Drug development company Cempra Pharmaceuticals plans to raise $86.2 million in an initial public offering to pay for late-stage clinical trials on a pair of novel antibiotic compounds targeting drug-resistant bacteria.
The IPO filing comes a month after Chapel Hill-based Cempra announced positive phase 2 results for antibiotic candidate CEM-101, also called Solithromycin, supporting the advance of the compound into phase 3 studies as a pneumonia treatment. Another compound, Taksta, has also completed phase 2 clinical trials and is being studied as a treatment for skin infections, including MRSA (Methicillin-resistant Staphylococcus).
Cempra does not yet have any Food and Drug Administration-approved products. Its compounds are targeting an antibiotics market that according to Datamonitor totaled $19.6 billion in the United States, Japan and the five major European markets in 2009. More than half of that total was spent in the United States. The leading MRSA antibiotics vancomycin and daptomycin totaled $1.1 billion in 2010 U.S. sales, according to IMS Health and pharmaceutical company data.
While the antibiotic market is a competitive space, Cempra said that the current slate of antibiotics don’t adequately fight all of the types of bacteria involved in a particular disease. The company adds that its compounds can address the growing threat of antibiotic resistance with new treatments that are safer and easier to administer. In addition to dangerous side effects, many of the antibiotics currently used to fight serious infections must be administered intravenously, which requires treatment in a hospital. “The clinical data we have generated suggest that CEM-101 and Taksta address each of these challenges,” Cempra said in the filing. “As a result, we believe CEM-101 and Taksta have the potential to meet this large and growing need.”
Cempra had been considering working with a pharmaceutical partner on further clinical development of its antibiotics compounds. Cempra needs to raise money chiefly because it now plans to move forward on its own with four phase 3 clinical trials – three for solithromycin and one for Taksta. Solithromycin is also expected to go through an additional phase 2 study. Filings show that Cempra has just $9.7 million in cash and equivalents.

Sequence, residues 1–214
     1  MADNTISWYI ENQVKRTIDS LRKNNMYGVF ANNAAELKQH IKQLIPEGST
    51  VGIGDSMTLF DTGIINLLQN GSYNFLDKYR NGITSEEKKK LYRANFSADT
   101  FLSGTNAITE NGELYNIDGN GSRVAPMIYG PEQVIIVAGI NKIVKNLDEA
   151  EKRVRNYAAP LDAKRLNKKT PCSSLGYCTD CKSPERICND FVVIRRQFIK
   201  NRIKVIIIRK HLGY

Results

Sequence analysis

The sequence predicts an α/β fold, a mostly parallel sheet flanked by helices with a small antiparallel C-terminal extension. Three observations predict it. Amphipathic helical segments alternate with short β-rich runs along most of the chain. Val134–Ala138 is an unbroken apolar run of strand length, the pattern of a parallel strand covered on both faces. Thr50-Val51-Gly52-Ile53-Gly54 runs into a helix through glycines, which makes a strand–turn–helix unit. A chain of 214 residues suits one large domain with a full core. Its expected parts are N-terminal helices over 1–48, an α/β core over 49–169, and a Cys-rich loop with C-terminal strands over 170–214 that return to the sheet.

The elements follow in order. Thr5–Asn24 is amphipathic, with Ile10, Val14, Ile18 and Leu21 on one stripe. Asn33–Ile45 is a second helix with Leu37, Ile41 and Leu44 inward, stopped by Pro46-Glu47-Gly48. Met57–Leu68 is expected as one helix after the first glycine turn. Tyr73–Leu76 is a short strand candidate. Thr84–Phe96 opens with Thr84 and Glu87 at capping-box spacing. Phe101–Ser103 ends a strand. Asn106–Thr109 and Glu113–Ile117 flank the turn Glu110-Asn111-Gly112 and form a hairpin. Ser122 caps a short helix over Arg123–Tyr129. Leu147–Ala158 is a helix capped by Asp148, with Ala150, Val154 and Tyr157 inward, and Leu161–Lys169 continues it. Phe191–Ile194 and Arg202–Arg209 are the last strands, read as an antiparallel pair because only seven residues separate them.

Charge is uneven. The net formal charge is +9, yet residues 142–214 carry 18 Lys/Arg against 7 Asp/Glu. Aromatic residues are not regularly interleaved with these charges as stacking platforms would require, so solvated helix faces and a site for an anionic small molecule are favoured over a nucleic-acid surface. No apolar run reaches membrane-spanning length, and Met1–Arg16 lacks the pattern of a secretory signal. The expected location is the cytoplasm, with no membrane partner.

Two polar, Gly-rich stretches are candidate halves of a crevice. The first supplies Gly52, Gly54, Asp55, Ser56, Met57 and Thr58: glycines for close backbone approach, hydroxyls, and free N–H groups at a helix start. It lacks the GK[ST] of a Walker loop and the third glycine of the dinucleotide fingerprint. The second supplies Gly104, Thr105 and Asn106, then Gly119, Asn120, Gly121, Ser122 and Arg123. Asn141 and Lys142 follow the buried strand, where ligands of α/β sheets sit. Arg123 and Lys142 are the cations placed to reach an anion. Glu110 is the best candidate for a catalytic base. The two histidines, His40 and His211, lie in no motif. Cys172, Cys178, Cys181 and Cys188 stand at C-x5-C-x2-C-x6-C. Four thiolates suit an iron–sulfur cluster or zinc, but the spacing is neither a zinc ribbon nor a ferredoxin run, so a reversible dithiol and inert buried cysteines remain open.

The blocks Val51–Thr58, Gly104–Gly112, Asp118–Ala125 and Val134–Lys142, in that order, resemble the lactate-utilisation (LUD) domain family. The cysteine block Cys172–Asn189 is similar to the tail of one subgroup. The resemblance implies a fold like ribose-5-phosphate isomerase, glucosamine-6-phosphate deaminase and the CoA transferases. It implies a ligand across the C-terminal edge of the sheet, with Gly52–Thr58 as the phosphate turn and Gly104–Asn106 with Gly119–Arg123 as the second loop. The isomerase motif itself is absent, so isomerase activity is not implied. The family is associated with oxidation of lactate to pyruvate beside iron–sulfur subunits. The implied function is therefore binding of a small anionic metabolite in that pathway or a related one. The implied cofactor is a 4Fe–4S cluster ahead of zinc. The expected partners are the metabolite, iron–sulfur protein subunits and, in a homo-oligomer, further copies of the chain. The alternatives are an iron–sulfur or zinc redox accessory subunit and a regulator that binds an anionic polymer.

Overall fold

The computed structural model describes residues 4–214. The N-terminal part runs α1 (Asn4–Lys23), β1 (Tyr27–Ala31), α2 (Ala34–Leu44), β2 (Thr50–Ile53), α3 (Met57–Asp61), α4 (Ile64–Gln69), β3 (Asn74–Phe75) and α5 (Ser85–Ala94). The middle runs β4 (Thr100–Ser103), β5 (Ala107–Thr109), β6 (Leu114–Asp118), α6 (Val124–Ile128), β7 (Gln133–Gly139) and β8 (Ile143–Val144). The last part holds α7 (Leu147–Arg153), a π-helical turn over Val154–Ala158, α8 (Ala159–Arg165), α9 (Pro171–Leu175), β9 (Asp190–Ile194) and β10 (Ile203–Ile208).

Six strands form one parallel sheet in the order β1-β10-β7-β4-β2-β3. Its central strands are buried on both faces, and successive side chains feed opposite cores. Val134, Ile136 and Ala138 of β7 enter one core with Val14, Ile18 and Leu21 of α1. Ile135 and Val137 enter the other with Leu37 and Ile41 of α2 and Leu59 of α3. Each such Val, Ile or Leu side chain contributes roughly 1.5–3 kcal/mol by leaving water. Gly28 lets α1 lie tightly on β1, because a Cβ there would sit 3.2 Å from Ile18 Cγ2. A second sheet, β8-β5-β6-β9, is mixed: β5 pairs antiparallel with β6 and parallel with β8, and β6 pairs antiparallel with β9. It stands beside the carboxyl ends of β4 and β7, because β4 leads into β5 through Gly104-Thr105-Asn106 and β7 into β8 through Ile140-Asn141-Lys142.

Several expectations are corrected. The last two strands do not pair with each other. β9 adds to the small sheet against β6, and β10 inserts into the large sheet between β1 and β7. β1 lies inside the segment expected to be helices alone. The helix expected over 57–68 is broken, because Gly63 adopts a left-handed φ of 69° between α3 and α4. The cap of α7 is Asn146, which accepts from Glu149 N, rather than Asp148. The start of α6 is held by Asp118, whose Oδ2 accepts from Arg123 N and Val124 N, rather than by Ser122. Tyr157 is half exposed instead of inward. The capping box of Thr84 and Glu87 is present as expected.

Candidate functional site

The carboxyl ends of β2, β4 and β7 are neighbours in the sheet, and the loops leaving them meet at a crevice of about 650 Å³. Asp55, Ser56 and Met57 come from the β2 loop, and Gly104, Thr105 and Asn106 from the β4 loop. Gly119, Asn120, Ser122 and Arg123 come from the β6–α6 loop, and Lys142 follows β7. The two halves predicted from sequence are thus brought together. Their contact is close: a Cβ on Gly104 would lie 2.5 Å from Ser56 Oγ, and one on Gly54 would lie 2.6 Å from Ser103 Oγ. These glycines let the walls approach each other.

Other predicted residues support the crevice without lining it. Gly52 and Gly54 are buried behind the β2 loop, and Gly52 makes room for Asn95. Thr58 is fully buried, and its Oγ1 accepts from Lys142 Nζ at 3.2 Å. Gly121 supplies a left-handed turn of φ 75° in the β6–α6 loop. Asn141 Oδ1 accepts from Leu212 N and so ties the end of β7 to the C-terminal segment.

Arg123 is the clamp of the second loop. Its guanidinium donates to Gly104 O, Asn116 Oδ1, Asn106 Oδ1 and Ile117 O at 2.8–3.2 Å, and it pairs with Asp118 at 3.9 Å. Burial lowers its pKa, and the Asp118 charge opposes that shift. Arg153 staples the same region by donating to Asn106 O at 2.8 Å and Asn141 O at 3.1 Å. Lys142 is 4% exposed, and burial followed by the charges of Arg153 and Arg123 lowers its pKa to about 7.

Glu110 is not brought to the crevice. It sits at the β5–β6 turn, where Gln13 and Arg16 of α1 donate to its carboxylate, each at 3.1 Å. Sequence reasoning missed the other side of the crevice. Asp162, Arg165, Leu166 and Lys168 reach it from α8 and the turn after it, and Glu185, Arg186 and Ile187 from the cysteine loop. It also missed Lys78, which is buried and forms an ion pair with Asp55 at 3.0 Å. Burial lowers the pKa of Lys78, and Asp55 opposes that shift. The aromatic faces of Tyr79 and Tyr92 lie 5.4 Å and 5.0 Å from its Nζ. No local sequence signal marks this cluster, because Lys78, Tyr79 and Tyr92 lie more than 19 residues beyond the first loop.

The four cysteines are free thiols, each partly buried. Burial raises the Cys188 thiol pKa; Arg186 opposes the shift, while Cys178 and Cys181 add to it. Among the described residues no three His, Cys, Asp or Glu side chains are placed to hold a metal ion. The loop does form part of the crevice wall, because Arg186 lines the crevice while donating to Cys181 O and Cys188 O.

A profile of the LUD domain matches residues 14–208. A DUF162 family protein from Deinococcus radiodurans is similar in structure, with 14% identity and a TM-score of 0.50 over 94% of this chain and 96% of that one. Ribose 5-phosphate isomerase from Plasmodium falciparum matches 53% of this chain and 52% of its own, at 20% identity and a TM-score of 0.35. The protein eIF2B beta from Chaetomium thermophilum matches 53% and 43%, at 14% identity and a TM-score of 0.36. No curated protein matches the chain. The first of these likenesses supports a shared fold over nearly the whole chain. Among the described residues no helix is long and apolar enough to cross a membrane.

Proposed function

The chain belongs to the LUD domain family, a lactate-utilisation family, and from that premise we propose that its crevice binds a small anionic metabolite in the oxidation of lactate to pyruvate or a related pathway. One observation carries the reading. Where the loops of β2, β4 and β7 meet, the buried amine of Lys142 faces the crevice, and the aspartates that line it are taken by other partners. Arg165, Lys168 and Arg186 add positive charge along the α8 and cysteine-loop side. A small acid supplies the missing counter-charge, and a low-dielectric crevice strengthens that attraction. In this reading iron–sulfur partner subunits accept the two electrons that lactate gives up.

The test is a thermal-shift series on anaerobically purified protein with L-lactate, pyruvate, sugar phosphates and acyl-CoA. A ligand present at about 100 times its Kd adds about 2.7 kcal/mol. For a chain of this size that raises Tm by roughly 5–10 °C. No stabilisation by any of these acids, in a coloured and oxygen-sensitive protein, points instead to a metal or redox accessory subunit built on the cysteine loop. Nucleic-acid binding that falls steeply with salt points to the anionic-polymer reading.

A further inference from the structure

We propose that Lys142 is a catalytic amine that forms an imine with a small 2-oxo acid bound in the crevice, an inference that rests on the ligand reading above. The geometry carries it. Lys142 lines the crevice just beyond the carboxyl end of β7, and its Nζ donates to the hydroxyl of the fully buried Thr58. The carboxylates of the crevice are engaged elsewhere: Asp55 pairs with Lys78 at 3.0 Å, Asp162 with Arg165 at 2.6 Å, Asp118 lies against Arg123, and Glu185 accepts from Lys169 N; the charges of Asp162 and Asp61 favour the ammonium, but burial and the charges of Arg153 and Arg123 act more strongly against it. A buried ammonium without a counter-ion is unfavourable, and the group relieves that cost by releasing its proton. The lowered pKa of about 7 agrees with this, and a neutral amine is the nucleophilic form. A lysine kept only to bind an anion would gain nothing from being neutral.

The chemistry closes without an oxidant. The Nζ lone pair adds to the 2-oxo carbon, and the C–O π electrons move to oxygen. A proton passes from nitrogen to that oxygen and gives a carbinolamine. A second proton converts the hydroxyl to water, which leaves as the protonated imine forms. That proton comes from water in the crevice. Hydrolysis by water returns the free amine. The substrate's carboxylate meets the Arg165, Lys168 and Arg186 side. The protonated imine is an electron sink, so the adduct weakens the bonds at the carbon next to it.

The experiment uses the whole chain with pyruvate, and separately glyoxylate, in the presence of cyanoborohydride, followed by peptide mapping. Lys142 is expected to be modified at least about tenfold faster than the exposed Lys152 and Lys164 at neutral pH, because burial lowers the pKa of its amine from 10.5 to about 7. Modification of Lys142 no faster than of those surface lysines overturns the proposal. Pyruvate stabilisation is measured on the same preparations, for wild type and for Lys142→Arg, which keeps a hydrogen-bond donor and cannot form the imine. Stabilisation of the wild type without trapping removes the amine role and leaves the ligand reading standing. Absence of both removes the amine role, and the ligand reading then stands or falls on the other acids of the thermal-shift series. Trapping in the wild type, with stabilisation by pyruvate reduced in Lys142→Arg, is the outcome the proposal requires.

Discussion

Cempra explains that Solithromycin will need three phase 3 trials studying the compound for community-acquired bacterial pneumonia: one with an oral version of the drug candidate and two others with an intravenous formulation stepping down to oral. Before conducting the IV-to-oral phase 3 studies, Cempra plans an IV-to-oral phase 2, expected to be completed by the end of 2012.
Cempra has already completed an end of phase 2 meeting with the FDA for Taksta. The company plans to start phase 3 studies on that compound in the second half of 2012.
Cempra was founded in 2008 and has raised $78.4 million in venture capital from Sofinova Ventures, Quaker Partners, Intersouth Partners and Aisling Capital. Cempra’s research focuses on macrolides, a class of compounds that have produced antibiotics against an array of non-infectious diseases. Cempra has a macrolide library of more than 500 compounds with the potential of addressing conditions such as inflammatory diseases, endocrine diseases and gastric motility disorders. But to date, Cempra has devoted its resources primarily to developing antibiotics.